Additionally, individuals should

  • describe services, credentials, qualifications, clinical specialty certification, facilities, staff, and products dispensed in a factual, nonevaluative manner; and
  • use appropriate and accurate terminology.

Individuals should not

  • misrepresent the nature or extent of services provided or products dispensed;
  • guarantee the results of any treatment or procedure, directly or by implication (Principle I, Rule L);
  • list fees in a misleading manner—for example, one level of service (diagnostic) may not be offered at a specified fee when, in fact, a lower level of service (screening) is provided;
  • state or imply claims of unusual professional skills;
  • compare their abilities with those of other individuals; or
  • place "blind" listings (e.g., announcements that say, "Call this number for speech therapy services," omitting the name of the individual, agency, or corporate entity offering services) in the classified section of newspapers or other periodicals.

The question of whether it is ethical to use laudatory comments or testimonials from clients is a contested one. Consistent with prevailing HIPAA and other regulations protecting client confidentiality, the comments of a client should never be used without the client's explicit permission. There is no question that it is thoroughly unethical to coerce clients into offering laudatory comments, and in the practitioner–client relationship, forms of coercion can be subtle. Consequently, special care must be taken to ensure that clients understand their rights with respect to providing information concerning their treatment and their evaluation of that treatment.

Another ethical problem that arises in the use of laudatory comments is that the practitioner culls them from a mass of comments, many of which may be neutral and some of which may be quite negative. For that reason, the Board cautions professionals regarding the use of laudatory comments, as they are potentially misleading to the public. The Board recommends an approach that involves collecting evaluations from a representative sample of all clients and providing a statistical picture from the aggregated evaluations.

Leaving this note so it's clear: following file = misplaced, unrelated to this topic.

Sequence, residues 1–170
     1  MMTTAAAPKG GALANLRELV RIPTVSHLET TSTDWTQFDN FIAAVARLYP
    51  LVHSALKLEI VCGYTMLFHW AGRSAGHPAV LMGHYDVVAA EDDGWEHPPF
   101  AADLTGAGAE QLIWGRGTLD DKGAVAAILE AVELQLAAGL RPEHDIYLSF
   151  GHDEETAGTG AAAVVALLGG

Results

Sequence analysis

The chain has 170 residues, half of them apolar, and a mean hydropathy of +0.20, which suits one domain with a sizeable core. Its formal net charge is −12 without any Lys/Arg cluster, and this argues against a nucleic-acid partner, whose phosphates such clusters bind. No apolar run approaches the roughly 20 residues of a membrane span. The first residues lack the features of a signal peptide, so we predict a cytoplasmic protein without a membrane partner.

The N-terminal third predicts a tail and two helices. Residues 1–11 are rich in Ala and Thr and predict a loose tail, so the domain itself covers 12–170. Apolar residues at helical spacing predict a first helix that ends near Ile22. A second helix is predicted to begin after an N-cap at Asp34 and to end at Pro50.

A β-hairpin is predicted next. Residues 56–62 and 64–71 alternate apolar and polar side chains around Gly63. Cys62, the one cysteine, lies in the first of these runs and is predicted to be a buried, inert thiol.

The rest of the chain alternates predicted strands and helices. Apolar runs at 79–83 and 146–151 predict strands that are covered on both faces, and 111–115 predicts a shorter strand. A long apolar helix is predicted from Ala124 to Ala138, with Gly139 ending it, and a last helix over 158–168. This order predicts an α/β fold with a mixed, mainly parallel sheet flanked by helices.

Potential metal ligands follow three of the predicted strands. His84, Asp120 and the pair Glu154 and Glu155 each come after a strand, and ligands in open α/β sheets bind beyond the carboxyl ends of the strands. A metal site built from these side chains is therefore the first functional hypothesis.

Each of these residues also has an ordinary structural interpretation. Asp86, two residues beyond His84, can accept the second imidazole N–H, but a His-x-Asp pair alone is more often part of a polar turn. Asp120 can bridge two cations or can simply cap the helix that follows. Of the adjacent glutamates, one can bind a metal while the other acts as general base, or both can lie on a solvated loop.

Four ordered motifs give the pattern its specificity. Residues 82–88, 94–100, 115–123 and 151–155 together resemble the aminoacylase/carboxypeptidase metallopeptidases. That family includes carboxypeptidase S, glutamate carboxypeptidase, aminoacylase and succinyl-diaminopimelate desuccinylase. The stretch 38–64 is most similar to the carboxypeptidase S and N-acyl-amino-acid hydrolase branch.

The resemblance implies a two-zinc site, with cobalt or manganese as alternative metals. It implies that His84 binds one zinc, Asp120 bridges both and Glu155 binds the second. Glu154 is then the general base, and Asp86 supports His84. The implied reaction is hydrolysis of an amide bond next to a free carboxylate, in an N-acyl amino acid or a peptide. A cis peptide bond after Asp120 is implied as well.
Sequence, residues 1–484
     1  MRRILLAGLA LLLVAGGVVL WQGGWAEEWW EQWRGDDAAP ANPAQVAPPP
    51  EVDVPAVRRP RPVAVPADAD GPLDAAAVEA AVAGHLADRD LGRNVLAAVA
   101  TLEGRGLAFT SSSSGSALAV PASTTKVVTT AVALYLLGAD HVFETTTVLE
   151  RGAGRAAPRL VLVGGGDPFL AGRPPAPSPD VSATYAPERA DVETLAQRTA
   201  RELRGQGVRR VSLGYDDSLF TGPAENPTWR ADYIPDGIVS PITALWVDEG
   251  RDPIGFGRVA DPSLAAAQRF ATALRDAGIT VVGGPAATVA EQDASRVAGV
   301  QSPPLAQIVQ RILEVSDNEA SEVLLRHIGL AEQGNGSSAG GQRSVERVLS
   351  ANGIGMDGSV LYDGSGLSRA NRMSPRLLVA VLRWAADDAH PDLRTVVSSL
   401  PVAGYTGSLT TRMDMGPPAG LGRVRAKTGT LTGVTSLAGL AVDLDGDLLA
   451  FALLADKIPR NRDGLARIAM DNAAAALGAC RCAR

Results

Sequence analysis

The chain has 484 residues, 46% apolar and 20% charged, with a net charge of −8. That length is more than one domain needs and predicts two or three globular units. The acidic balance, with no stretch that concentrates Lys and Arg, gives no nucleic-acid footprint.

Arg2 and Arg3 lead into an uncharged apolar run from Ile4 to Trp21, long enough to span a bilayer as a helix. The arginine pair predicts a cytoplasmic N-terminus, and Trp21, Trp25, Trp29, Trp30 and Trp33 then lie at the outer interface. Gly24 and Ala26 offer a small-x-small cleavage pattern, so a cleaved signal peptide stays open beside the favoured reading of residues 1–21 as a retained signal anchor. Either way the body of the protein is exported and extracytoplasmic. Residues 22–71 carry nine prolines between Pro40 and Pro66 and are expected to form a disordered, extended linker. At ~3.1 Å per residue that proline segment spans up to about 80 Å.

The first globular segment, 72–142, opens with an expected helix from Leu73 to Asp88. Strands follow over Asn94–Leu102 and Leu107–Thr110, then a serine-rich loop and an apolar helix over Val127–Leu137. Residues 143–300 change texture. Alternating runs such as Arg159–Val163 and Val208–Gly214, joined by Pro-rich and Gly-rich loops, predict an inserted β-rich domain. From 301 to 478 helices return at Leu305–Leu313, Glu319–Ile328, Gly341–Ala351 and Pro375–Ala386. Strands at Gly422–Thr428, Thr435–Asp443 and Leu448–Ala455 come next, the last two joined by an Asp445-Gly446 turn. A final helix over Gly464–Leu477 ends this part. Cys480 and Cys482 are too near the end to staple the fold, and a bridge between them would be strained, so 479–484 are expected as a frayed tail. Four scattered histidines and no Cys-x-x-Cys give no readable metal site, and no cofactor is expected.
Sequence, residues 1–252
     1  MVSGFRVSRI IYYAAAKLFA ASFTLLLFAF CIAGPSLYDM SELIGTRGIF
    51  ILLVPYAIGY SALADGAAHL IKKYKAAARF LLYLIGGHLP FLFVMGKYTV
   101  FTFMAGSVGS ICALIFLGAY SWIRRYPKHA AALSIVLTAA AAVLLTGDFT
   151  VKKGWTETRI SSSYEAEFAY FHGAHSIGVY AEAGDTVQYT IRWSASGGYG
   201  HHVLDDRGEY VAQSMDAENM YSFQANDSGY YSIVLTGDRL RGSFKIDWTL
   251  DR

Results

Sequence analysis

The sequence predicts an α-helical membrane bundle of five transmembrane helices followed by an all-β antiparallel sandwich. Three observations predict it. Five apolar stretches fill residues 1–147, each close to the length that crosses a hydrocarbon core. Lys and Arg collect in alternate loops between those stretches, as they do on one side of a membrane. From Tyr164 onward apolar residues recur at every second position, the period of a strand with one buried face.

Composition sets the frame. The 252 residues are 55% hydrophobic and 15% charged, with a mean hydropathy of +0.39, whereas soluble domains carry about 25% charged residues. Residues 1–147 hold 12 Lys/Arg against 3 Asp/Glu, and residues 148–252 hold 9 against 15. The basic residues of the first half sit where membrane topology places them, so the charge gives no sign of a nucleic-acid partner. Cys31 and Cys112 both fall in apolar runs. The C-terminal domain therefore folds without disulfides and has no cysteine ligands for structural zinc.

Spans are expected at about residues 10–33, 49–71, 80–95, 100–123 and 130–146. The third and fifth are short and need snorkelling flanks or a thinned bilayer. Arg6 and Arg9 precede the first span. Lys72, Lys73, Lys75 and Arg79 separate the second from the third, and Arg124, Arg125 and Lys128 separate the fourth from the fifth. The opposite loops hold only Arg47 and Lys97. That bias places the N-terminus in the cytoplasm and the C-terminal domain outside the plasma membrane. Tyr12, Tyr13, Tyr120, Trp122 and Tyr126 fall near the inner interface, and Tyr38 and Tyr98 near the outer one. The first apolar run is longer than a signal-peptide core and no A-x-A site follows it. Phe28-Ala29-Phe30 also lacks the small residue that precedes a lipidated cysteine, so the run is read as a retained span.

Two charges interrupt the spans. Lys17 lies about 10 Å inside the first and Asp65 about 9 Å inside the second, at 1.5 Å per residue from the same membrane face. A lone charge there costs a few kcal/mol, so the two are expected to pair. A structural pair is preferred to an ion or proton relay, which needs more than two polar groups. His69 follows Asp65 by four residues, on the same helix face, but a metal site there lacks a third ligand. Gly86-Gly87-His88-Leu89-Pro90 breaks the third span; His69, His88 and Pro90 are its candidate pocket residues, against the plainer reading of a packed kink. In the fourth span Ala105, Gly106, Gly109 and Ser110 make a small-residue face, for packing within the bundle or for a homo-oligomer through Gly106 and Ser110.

Promotional Activities

  • In representing their services or professional products to the general public, individuals accept the obligation to present information as objectively and accurately as possible and to avoid misleading the public by misrepresentation through implication or deception. Individuals offering free speech or hearing screening should give those who need further services a choice of referral sources.
  • Individuals should avoid participation in any activities recommending to the general public the use of any single-source product or service.
  • Individuals shall not use their affiliation with ASHA or the ASHA logo to endorse the marketing and promotion of their products or their employer's products, whether related or unrelated to the professions. ASHA members may use the approved ASHA logo to promote their ASHA certification credential.

Other Constraints on Advertising

The rules set out in this statement are offered only as general guidelines for application of the Code with regard to public statements and announcements. In addition, individuals may be subject to various state laws such as licensure laws and codes of ethics or conduct. Individuals may be subject also to the regulations of the Federal Trade Commission governing the use of endorsements and testimonials in advertising. Individuals must be aware, therefore, that there are other restraints in the area of professional advertising, which, indeed, may be greater than those set forth in this statement. If ASHA guidelines should prove less restrictive in any respect, individuals must adhere to any higher standards that might be applicable. This statement does not purport to give legal advice in this regard.

Definitions

Individuals: Members and/or certificate holders, including applicants for certification.

Misrepresentation: Any statement by words or other conduct that, under the circumstances, amounts to an assertion that is false or erroneous (i.e., not in accordance with the facts); any statement made with conscious ignorance or a reckless disregard for the truth.

Public statement: Any direct or indirect statement, suggestion, or implication, including but not limited to one that is made orally, in writing, pictorially, electronically, or by any other audio or visual means, or by any combination thereof.

Announcement of services: Any written or oral communication, illustration, sign, notice, or depiction, in print or in an electronic medium, that is designed to inform the public about professional services or products related to the field.